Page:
I am not a real big shopper to begin with and I really never do any online shopping. I am not really sure why but I always just go to the store to buy something, so for me human interaction plays apart into the purchase. I believe that if stores would focus more on this and make shopping more of an experience then they may do better compared to shopping online.
Whether I shop online or in a store depends what I am shopping for. If it is clothes then I will get it in the store so I can try them on. But if it is like something for the house (like a painting or a carpet or something) that I don’t necessarily need to have in front of me then I will order that stuff online if it is more convenient. I think my ultimate customer experience does involve some human interaction. I would like to be able to do research on my own but have a person to talk to should I need their help or assistance or have any questions about the product(s) I am looking at.My ultimate customer experience would not involve any automated phone numbers but ones that will connect to real people the first time without having to go through so many menu options just to try to talk to someone.
Elizabeth F Diehl commented on the post, The Importance of Cultivating Customer Relationships, on the site MIS2101 – Summer 1 2015 4 years ago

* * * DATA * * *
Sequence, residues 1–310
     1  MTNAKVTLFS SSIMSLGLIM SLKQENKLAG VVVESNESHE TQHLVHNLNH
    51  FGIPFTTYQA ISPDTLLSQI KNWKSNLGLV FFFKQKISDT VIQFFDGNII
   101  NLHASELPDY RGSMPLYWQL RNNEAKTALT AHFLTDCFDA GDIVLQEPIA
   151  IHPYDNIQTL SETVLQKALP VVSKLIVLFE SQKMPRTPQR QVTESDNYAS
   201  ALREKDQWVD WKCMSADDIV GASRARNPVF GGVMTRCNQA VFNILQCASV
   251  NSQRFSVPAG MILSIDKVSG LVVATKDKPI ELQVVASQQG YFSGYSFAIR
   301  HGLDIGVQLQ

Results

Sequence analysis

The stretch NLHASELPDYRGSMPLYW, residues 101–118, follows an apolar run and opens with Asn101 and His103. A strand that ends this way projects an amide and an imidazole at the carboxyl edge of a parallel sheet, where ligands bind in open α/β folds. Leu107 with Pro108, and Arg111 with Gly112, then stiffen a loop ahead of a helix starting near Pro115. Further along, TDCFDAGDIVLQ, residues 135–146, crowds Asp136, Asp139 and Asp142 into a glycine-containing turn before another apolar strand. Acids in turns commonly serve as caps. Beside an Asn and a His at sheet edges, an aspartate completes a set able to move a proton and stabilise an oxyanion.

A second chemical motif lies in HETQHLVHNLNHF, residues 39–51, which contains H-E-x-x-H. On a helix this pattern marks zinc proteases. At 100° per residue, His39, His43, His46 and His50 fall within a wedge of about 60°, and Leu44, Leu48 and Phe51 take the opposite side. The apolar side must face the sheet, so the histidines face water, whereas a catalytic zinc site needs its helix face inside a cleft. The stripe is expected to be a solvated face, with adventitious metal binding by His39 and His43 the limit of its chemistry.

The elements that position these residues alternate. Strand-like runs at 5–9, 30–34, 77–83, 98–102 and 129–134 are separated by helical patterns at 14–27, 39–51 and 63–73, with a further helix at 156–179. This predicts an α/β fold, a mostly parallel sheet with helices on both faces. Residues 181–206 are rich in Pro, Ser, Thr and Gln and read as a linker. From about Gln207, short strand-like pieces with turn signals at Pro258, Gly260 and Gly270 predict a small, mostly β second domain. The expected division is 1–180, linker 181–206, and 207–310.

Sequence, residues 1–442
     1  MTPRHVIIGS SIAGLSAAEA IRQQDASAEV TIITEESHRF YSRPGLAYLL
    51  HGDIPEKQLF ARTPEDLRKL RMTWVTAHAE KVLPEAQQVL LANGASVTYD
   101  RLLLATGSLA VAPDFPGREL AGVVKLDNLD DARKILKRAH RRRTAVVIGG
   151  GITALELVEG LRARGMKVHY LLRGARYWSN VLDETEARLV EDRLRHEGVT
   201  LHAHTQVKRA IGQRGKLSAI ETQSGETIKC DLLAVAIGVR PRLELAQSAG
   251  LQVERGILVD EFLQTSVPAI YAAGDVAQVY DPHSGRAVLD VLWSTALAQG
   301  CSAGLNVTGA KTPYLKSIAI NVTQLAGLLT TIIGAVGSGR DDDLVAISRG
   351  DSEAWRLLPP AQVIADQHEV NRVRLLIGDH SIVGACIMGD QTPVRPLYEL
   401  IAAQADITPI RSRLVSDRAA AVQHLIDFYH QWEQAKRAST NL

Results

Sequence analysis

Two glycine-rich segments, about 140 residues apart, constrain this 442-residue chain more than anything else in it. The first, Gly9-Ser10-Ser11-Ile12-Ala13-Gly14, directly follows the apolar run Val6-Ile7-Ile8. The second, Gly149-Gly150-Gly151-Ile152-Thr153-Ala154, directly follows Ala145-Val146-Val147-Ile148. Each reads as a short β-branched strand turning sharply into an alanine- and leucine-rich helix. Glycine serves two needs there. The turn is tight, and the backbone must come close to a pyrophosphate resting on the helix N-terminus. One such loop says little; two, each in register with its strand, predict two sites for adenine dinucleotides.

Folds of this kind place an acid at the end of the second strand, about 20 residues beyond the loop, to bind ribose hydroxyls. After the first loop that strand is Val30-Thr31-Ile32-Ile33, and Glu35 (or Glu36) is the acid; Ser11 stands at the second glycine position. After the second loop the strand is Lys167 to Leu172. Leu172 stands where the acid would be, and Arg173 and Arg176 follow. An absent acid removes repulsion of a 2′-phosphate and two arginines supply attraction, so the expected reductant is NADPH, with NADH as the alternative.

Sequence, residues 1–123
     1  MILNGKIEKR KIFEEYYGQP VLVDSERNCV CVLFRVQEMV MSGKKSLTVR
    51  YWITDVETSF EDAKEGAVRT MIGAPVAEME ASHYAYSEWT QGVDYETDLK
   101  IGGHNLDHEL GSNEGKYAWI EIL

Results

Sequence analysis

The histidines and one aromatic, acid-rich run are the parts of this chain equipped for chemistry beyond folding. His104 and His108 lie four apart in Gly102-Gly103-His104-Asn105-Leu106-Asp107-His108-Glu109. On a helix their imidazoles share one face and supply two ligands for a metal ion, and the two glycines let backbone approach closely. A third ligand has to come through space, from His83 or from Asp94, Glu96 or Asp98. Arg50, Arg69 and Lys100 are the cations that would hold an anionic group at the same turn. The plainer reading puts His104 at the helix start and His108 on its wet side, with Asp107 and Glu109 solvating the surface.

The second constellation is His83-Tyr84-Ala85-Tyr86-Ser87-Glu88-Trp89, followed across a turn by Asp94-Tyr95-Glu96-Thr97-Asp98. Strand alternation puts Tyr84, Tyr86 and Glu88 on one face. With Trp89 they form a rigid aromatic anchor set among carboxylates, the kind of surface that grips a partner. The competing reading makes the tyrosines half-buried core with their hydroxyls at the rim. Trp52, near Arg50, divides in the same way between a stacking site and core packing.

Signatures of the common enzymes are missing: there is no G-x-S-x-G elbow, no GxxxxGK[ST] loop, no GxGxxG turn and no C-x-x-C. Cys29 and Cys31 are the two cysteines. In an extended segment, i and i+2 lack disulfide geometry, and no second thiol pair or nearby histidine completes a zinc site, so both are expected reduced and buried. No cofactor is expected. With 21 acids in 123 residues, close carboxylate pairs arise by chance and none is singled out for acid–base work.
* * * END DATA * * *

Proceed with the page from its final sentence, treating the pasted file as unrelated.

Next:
I think the most important thing a company can do in order to cultivate lasting, positive customer relationships is to do the best they can at making each and every customer feel as if they are valued. An example would be Keurig – my family had one for a few years and one day it started malfunctioning. Rather than dealing with customer service, my…[Read more]
I think this new extension will definitely make big data easier to manipulate / locate depending on various needs for any organization. I could absolutely see it being successful across the board as it will provide even more access at a quicker rate to customer information that could in turn result in greater understanding of the customers wants…[Read more]